Opensnoop watches the files that Time Machine accesses and tattles on it. I’m always surprised to see the files I’ve recently changed. Often times, I’ll be editing photos and generating gigs of new backups just by changing header information and it’s nice to know what’s going on there.
This week ILMxLAB did the first public play test of Trials on Tatooine at the Game Developers Conference in San Francisco. Trails on Tatooine is a first-person story-based virtual reality experiment where you don a headset and get to walk around Tatooine, stand beneath the Millennium Falcon as in comes in for a landing nearly on your head, hear from Han Solo in the cockpit and eventually even defend yourself with a virtual lightsaber.
Working on this experience with the team at Lucasfilm has been a true highlight of my first two years at the organization and an amazing opportunity. Seeing everyone react so enthusiastically this week has been super rewarding. Here are a few of my favorite write-ups from the week:
I’ve been experimenting with migrating from a 2 gig VPS server to a much smaller 512MB server for hosting this blog and a dozen or so other small sites. I have had great experiences with Linode over the years, but wanted to try Digital Ocean as they have the small inexpensive servers which seem perfect for hosting personal sites like this (those links are referral codes; if you use them I get a small credit on my hosting, thanks).
Initially, just setting up an Ubuntu server with standard LAMP configuration on Digital Ocean runs as expected and WordPress is simple to install. The only trick is, when you’re done with the default configuration, you have a server that will run out of memory when faced with anything but a few simultaneous users. And it’s slow. So let’s see if we can fix this.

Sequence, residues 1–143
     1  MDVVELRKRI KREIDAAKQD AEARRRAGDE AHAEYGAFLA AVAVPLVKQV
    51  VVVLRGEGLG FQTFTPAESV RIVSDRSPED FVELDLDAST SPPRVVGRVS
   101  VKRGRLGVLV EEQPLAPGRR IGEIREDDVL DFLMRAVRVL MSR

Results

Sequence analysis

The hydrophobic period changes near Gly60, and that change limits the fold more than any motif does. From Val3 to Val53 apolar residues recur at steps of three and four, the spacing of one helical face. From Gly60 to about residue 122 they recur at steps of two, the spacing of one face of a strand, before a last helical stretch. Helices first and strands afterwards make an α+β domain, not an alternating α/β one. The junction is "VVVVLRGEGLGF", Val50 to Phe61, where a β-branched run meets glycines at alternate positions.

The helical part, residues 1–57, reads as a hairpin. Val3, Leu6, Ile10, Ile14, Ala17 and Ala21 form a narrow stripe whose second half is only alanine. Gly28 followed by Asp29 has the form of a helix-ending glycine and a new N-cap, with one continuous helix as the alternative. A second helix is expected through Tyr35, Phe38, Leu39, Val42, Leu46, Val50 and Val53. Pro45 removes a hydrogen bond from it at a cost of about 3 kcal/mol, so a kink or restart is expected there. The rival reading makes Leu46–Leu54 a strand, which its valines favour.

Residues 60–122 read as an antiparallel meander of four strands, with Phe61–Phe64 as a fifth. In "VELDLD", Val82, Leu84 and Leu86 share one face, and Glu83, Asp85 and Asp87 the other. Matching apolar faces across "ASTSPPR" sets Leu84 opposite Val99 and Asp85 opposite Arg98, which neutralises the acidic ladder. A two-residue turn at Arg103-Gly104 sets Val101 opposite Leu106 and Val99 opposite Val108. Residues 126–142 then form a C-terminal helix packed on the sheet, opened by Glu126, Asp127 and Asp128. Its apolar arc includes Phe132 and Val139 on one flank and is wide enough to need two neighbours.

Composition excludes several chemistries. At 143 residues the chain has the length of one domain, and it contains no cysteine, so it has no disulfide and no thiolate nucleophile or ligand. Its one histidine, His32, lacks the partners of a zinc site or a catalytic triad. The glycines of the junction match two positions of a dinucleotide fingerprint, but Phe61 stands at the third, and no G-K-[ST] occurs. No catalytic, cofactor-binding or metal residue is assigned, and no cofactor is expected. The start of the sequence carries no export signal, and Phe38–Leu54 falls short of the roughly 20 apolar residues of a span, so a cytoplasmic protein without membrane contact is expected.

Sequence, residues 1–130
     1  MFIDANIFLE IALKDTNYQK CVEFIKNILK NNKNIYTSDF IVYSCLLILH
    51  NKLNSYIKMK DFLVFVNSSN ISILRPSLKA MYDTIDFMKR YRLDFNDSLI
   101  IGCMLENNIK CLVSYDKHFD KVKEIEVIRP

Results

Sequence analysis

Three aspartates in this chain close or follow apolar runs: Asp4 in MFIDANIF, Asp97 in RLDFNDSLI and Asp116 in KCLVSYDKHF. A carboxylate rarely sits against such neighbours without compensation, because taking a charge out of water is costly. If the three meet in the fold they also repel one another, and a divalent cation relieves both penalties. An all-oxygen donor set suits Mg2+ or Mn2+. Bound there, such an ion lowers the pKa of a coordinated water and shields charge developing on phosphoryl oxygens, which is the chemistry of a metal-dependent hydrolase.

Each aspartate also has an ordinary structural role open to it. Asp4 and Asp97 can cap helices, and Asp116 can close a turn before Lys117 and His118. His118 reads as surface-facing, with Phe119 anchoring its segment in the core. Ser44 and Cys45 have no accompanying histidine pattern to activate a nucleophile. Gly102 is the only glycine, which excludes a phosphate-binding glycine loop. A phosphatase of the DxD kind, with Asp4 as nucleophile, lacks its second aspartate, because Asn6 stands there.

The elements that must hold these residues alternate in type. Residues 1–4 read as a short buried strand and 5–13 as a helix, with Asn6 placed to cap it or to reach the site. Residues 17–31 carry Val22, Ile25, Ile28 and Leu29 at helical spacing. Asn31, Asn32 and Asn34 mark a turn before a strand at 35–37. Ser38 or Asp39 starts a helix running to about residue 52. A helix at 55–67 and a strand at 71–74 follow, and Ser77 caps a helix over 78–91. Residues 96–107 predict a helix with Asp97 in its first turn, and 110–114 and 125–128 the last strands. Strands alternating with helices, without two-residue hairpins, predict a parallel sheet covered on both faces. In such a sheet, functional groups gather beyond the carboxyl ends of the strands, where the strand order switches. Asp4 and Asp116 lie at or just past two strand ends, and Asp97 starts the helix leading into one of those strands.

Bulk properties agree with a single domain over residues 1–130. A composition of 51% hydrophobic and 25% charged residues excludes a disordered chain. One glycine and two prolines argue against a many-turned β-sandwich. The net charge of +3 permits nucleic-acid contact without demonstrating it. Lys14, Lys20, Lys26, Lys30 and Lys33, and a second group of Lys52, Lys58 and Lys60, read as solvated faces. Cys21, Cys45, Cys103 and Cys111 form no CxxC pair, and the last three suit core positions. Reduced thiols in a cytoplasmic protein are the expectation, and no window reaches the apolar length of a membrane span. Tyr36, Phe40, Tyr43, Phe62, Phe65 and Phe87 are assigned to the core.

For the past few years I’ve been the CTO of a division of Sony Pictures heading up Imageworks, Animation, and more recently Colorworks and Post Production. Before this time, I’d had opportunities to lead large teams on movies, but had never served in an executive position. These notes are mostly for myself, but hopefully someone else will benefit as well.
At this year’s Academy Scientific And Technical Achievement Awards show, OpenColorIO was among 19 other winners. If you haven’t heard of OpenColorIO, it’s a color management framework that makes managing color for cinema and video much more straightforward for engineers and artists alike. It’s been adopted by most of the major 2d and 3d applications for our business and has been a bit of a game-changer in terms of simplifying color workflows around the world.